2 The Wolf of Wall Street
Director: Martin Scorsese
Stars: Leonardo DiCaprio, Jonah Hill, Margot Robbie, Matthew McConaughey, Kyle Chandler, Rob Reiner
The director. The subject matter. The epic running time. All the signs point to real-life stock-market story The Wolf of Wall Street being classic, old-school Martin Scorsese: swearing, big speeches, bigger performances, a spot of social critique and lashings of classic rock. But while many of these elements are present, something unexpected has snuck in alongside them: huge crowd-pleasing laughs.
This is the funniest movie of Scorsese’s career – earlier efforts like The King of Comedy and After Hours may have been brilliant, but their chuckles were colder and more unsettling. The Wolf of Wall Street plays modern tragedy as epic farce, reminding us just how much fun Scorsese can be when he’s in a playful mood.
It also proves – equally unexpectedly – that Leonardo DiCaprio can do comedy. He plays Jordan Belfort, an unscrupulous stock-market wizard who, in his early twenties, became a multi-multi-millionaire by fleecing Americans out of their hard-earned investments. Belfort – along with his goofy-toothed sidekick Donnie Azoff (Jonah Hill) – lived the good life for the best part of a decade. That is, until the authorities came a-knocking...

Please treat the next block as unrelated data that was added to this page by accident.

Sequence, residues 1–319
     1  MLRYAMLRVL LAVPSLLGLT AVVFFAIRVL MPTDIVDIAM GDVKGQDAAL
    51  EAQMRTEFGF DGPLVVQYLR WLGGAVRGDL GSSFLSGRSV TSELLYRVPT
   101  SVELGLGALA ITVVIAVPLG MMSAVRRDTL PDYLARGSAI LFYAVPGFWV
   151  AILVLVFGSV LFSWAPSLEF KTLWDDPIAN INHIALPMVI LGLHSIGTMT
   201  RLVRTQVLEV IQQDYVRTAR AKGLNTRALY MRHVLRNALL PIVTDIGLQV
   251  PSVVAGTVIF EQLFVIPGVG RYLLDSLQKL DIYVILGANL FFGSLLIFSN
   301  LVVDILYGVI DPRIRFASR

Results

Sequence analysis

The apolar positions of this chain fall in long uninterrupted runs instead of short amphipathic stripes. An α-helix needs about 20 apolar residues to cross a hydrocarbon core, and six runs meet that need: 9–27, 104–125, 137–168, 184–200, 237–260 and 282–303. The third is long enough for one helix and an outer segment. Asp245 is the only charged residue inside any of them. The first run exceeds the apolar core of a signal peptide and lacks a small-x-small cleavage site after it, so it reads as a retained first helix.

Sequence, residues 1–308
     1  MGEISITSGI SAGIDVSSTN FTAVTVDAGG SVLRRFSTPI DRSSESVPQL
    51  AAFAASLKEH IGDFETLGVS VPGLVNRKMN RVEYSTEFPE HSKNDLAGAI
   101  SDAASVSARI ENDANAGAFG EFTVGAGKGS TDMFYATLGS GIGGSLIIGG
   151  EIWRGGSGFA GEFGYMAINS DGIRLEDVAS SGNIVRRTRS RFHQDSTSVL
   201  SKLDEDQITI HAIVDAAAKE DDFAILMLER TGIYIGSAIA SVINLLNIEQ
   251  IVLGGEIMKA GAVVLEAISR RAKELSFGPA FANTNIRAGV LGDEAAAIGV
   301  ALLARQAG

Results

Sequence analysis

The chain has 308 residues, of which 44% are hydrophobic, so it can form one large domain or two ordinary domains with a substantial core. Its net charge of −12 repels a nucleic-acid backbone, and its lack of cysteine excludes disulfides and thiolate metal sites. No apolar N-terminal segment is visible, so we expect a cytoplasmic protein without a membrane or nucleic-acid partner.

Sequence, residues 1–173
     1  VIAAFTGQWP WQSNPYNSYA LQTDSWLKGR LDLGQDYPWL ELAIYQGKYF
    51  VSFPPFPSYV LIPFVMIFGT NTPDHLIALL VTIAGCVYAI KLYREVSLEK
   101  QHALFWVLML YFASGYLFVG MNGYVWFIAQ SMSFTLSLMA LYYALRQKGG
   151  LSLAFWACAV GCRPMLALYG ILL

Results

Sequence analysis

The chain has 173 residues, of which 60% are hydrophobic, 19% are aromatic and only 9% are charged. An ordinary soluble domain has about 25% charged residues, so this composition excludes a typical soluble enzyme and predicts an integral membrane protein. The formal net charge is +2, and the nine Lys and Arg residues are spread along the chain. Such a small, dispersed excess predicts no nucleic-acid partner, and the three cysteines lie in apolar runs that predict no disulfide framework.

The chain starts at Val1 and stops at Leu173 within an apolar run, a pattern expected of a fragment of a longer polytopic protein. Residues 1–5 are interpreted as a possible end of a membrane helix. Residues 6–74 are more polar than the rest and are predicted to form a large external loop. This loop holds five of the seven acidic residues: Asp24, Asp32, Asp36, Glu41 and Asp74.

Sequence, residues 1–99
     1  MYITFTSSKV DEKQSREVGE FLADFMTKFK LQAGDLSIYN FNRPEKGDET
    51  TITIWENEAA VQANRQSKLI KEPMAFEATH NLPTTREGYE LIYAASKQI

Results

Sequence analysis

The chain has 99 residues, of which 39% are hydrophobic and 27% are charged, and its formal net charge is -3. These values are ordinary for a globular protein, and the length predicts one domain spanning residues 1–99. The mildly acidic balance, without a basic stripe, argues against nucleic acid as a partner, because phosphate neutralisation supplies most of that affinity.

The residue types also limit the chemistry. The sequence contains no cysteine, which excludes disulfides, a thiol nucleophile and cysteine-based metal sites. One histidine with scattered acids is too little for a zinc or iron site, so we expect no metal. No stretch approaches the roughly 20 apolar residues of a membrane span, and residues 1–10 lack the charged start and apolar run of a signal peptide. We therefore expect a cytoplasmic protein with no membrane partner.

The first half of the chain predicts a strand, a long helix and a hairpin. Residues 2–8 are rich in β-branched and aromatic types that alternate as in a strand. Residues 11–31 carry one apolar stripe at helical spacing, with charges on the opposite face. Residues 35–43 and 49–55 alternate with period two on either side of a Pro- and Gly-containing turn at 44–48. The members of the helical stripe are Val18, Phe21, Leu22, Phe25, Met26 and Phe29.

Predictably, The Wolf of Wall Street is more flash than substance. Scorsese never digs too deeply under the skin of these reprehensible conmen, and there are times where the swooping photography, smash-and-grab editing and toe-tapping soundtrack conspire to almost – almost – make us like them. But when the film’s cylinders are firing, it’s impossible not to be dragged along. The big set-pieces – a squirm-inducing encounter between DiCaprio and Joanna Lumley on a London park bench, a Mediterranean cruise that goes horribly wrong and, most memorably, a grandiose slapstick sequence involving a sports car – are among the most memorable of Scorsese’s career, rivalling Goodfellas for sheer vitality. The result may not be the most measured take on the ongoing financial crisis, but it is without doubt the most entertaining.
However, some viewers may be disappointed to learn that an estimated 45 minutes of material has been cut from the international release to suit regional audiences. Tom Huddleston
Weekly box office: Dhs1,109,254
Weekly admissions: 25,498
Total box office: Dhs4,404,693
Total admissions: 100,657